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Dec 7, 2012 03:27 PM

Dressing up a bland chuck steak?

Hey y'all, I have questions about an already-cooked piece of meat. Last night I braised a pound of chuck steak. I am new to meat-eating, and I braised a chuck a few weeks ago that was good, but I had used a strong marinade and I wasn't sure what the meat itself tasted like underneath that. So last night I braised a chuck steak as plainly as possible.

Here's what I did:

Cut the steak into three smaller pieces (the bone had been removed so it was already kind of coming apart.) I patted them dry, then coated them with a mixture of garlic powder and onion powder. Then I went over them with the Jaccard. My hope was that the Jaccard would push some of the spices into the meat.

I coated each piece in white whole wheat flour, and then browned them in a saucier, in some beef fat. I had to use a lot more fat than I had expected, the flour soaked up a lot.

Ok, so once they were browned, I removed them from the pan, and deglazed with chicken stock. I added salt and pepper, brought that to a boil, and then put the meat back in and set the whole thing into a 300' oven for three hours. I checked the meat at one and two hours but it was still tough at those times.

At the end, I had something that tasted a lot like the meat my great-grandmother used to make. The flour and broth and meat fat/juices had made a gravy in the pan, and the texture was silky and tender. BUT, the flavor was kind of bland. I mean, the meat tastes good, I am just looking for a little more flavor intensity.

How can I dress this up now to give it some more kick and flavor? Ketchup? Soy sauce? Thoughts?

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  1. I would use your now-tender meat in a beef vegetable soup. Happy to provide a recipe if you like.

    Otherwise, maybe make a mushroom sauce?

    Edit: you also have a good start for pot roast. Do you have potatoes, carrots, onions, and celery?

    1. I think you should have used salt initially on the beef before braising. If it isn't cooked in, it will never be right. Maybe by mincing it finely and using it in soup or stew, along with beef stock, you might salvage it.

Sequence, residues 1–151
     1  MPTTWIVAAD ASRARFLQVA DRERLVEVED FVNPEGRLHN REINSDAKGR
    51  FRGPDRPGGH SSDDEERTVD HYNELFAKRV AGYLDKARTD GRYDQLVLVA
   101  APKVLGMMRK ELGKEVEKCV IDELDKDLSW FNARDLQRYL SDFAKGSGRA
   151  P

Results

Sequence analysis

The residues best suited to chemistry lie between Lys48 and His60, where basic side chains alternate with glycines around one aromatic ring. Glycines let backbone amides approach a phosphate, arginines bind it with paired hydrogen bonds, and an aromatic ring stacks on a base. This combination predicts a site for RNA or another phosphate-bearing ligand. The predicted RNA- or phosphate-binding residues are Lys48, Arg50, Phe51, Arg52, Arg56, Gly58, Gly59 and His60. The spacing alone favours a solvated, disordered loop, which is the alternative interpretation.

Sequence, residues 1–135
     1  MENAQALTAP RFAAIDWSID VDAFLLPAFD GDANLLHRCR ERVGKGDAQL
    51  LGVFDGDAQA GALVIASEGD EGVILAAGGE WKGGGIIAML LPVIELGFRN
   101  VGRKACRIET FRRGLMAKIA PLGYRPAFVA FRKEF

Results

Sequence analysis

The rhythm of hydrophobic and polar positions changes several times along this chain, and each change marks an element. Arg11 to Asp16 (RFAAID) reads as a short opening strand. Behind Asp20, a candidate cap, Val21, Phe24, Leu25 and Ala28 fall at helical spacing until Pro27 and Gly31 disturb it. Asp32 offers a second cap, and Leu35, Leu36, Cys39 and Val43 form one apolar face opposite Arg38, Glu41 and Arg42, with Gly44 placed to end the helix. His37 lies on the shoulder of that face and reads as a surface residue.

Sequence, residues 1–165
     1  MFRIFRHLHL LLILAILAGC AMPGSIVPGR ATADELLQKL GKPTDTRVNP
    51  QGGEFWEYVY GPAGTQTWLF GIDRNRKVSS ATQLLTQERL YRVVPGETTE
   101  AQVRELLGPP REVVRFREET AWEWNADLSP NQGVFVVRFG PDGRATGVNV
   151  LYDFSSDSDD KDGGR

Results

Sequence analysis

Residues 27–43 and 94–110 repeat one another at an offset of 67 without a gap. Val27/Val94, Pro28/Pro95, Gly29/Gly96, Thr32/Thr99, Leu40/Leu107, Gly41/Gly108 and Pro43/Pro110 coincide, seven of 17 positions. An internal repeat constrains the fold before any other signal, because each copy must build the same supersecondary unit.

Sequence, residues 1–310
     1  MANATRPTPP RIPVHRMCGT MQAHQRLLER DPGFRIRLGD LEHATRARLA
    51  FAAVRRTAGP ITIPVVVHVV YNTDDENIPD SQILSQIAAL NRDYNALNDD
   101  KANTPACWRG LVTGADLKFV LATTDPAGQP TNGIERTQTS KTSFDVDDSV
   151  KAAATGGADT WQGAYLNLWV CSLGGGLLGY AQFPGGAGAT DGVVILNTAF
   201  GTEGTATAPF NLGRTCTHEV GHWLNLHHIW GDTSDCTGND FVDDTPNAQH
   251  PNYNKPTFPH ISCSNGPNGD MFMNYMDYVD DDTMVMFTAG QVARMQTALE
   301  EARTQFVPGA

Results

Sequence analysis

1. Make a "faux" pulled pork sandwich.

        Top with some slaw, a good slather of BBQ sauce, and you're good to go.

        1 Reply
        1. You didn't use any aromatics??, carrots, celery, onion, bay leaf, tyme.

          2 Replies
          1. re: treb

            No, because I wanted, this time, to know how the meat itself tasted and I didn't want to overpower it. It might sound strange, but I love to cook, and knowing how something tastes "plain" is a good way to know how you want to cook it in the future (for example, next time I braise chuck I will add a splash of red wine.)

            1. re: reptilegrrl

              So you do like the taste of your grandmothers cooking!

          2. Folks, notice that reptilegrrl didn't use any salt on the meat. Important - more so than everything else.

            3 Replies
            1. re: sandylc

              Question: with salting the meat directly, wouldn't it end up damp on the outside, and more difficult to brown? I am totally new at cooking meat, so I welcome your suggestions.

              1. re: reptilegrrl

                There are many many theories regarding the timing of salting. But regarding "salting the meat directly" - YES you MUST do this or your meat risks being tasteless.

                1. re: sandylc

                  I agree 100%. Must salt the meat directly before cooking. Dry the meat before you salt it. If you let it sit for any t ime before browning, dry it again and maybe a little more salt.....I salt my whole chickens before simmering them in water for a stock. The meat is much tastier. I have found that if you wait to salt until after you cook, you have to add a lot more salt to even get close to the flavor you get if you salt before. And it is never quite as good.